Imidazolium compounds are very versatile molecules that have enabled a large number of recent innovations. Among these, imidazolium-based ionic liquids (ILs) are the most prominent. Coming with beneficial solvent properties, negligible vapor pressure, and high thermal stability, ILs are often classified as “green solvents”. A critical analysis, however, reveals that synthesis and purification of ILs show a lot of room for improvement in terms of sustainability and cost reduction. Consequently, greener methods to access ILs are still highly welcomed and are expected to expand the range of applications of those systems.
Davide Esposito and co-workers, Max Planck Institute of Colloids and Interfaces, Potsdam, Germany, have reported a simple and efficient method for the synthesis of bifunctional imidazolium compounds based on a modification of the Debus–Radziszewski synthesis. By following the rules of green chemistry, the one-pot reactions are performed in water without excess of reagents at ambient conditions and afford a library of compounds bearing functionalities derived from natural amino acids or simple aliphatic amines in very good yields. This, together with the use of pyruvaldehyde as the 1,2-dicarbonyl compound, has resulted in a method to prepare imidazolium compounds fully based on renewable platform chemicals.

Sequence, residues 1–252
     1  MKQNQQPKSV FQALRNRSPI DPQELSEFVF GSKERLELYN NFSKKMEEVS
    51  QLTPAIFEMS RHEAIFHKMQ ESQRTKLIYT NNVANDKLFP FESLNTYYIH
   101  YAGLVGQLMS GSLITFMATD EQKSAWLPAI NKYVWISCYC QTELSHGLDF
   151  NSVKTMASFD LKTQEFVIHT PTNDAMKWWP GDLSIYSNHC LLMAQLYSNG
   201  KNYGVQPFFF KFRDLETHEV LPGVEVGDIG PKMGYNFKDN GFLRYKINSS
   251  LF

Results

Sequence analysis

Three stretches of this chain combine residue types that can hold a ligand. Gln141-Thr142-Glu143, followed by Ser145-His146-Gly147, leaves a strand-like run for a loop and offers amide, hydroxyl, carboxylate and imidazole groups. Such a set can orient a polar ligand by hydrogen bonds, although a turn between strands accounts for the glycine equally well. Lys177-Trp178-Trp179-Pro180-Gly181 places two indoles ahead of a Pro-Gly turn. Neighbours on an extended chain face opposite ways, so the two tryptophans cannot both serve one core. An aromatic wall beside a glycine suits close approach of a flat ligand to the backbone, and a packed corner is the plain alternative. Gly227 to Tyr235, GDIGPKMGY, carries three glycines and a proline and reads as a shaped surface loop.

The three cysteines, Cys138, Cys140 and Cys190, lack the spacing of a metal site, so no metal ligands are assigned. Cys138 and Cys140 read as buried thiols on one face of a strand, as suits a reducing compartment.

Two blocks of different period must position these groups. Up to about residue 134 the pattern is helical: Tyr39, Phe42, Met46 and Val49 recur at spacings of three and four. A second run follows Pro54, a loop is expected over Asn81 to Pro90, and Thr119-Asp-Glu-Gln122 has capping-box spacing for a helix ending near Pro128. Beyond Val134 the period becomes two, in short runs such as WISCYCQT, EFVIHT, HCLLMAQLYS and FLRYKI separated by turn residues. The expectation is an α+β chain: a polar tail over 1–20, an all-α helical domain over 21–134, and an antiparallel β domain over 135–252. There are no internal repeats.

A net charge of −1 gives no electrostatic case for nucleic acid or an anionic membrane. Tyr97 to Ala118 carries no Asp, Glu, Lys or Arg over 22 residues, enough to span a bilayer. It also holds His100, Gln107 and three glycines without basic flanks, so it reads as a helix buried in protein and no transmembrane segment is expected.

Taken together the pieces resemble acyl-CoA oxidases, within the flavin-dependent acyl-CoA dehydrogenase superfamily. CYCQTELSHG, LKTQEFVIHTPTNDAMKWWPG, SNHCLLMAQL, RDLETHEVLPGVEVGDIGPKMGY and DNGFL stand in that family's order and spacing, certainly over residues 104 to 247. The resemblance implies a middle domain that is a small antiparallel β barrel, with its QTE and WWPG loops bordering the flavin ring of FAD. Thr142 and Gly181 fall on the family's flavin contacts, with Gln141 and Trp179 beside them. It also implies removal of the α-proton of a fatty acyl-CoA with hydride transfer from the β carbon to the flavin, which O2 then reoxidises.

A model study on the reactivity of a representative building block was performed that showed favorable results, thus paving the way for their application in the synthesis of polymers and other complex structures.
- A Sustainable Route towards Imidazolium Building Blocks based on Biomass Molecules,
Davide Esposito, Sarah Kirchhecker, Markus Antonietti,
Chem. Eur. J. 2013.